1. Fruit. It’s easy, it’s healthy, it’s a winner.
2. Crisps. Plain ones are potatoes, oil and salt. No animal products. Some slightly panicky people in sandwich shops have told me they have nothing for me, with a display full of crisps right there.
3. Biscuits. Check the packaging, but some are unintentionally vegan: Bourbon biscuits, Hobnobs, ginger nuts and Oreo cookies. Wahey!
4. Oatcakes, rice cakes, Ryvita, crumpets, hot cross buns. A little jam or peanut butter can enliven them if required (omit the margarine, most conventional brands contain buttermilk).
5. Dried fruit and nuts. If you provided me with a little bowl of raisins and cashew nuts I would tuck in quite happily. Did you buy a particular dried fruit or nut for a baking proj then forget about the rest of the packet? Feed them to a hungry vegan!
6. All of the above – if your visitor stays for ages, this lot would sustain them for a good while!
I will give you three basics to start with:
1. Baked beans – with toast (most bread is vegan) or a jacket potato if you have advance notice of their arrival.
2. Houmous – a vegan classic. If you haven’t got any in your fridge, it is easy to buy.
3. Peanut butter – depending on the consistency of your peanut butter, you can put it on toast or bread. Or, buy a jar of cashew nut butter or almond butter and see if you get addicted yourself. Or if you’re not into your nut butters at all, offer a banana sandwich. Mmmmm.
If you have a bit of notice that your vegan friend is arriving, here are some suggestions.
1. Soup. Check the packaging if it’s bought soup, but there are milk-free soups out there. If you are making soup (hurray!), lots of recipes don’t actually need stock. If you wanted, though, you could invest in some vegan boullion or stock cubes – the Kallo organic low salt ones are a good cupboard-space-saver.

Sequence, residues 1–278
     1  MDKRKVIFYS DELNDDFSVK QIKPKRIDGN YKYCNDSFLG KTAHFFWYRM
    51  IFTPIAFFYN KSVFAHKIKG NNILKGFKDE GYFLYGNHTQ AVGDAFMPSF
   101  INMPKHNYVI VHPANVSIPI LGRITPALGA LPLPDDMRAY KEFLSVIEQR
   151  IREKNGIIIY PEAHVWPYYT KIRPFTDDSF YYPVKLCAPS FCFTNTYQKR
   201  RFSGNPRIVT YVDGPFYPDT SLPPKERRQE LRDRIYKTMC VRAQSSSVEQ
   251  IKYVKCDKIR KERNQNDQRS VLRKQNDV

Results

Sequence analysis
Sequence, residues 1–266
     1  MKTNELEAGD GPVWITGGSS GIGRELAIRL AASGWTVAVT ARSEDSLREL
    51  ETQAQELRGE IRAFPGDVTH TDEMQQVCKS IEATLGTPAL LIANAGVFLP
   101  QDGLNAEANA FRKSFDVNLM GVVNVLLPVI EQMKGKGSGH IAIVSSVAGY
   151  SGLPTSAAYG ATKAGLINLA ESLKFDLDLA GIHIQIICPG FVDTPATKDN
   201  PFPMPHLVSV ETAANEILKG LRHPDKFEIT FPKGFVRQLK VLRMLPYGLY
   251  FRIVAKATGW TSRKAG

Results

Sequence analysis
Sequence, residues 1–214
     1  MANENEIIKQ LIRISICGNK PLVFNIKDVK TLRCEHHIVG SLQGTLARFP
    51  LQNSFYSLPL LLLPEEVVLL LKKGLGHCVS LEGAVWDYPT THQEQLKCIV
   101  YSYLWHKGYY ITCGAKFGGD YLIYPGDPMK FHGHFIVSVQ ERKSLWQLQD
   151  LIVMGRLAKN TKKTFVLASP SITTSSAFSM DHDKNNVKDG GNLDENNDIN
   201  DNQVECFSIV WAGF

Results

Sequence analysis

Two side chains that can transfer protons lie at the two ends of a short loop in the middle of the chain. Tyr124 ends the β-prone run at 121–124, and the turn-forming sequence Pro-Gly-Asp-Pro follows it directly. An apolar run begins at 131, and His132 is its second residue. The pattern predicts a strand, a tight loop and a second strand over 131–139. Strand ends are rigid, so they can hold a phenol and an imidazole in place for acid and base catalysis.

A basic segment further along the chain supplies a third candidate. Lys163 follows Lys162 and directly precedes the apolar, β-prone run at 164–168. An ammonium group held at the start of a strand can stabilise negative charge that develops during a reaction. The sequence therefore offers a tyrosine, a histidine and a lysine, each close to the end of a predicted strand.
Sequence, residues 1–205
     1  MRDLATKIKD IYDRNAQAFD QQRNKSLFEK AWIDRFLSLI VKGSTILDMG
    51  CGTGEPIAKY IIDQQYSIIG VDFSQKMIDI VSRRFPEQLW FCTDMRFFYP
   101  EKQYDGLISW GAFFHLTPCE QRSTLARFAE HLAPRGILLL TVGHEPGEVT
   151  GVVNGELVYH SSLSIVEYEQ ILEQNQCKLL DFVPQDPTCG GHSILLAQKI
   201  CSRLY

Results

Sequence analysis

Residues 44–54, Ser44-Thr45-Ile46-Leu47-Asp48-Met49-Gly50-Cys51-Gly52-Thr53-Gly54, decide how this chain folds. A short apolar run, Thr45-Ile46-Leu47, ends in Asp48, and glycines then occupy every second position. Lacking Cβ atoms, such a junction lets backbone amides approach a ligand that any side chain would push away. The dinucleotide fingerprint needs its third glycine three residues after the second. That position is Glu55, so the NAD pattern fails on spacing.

2. Falafel. You can buy them ready made, or buy a mix and fry them yourself. I have had some super tasty lunches at my friends’ houses where they have provided a feast of falafel, pitta bread, houmous and a selection of salad items.
3. Bean burger. Check the packaging, but some of these could live in your freezer for those spontaneous BBQs or fry ups. I made an eye-catchingly yumptious lunch with a ripe avocado mashed into a jacket potato instead of butter, topped with raw tomatoes and red pepper and a bean burger balanced on top.
4. Simple pasta. Some tomato-based pasta sauces are vegan. Alternatively, you can create a nice and nutritious dish in about 15 minutes by cooking pasta with a few frozen peas chucked in then adding a few walnuts, some avocado (if you have it), and a drizzle of olive oil.
And three miscellaneous pieces of extra info:
1. New food labelling regulations put allergens in bold, so read the ingredients and if milk/milk product or egg jumps out at you, save that food for yourself! If it says it may contain traces of milk from the manufacturing process, that is generally a legal disclaimer rather than a promise, so it is probably alright for a non-allergic vegan.
2. There is usually a FreeFrom section in supermarkets, so if you feel indulgent, you can invest a quid in a bar of pretend choc and stash it at the back of your cupboard to delight your guest. There are all sorts of cake-y type things in those aisles too, if you like feeding guests things like that and aren’t sure about doing your own vegan baking.
3. Ask your vegan friend what they like or can eat if you’re not sure!
I hope this demystifies things for you!
Have you got any tasty and hasty suggestions to add?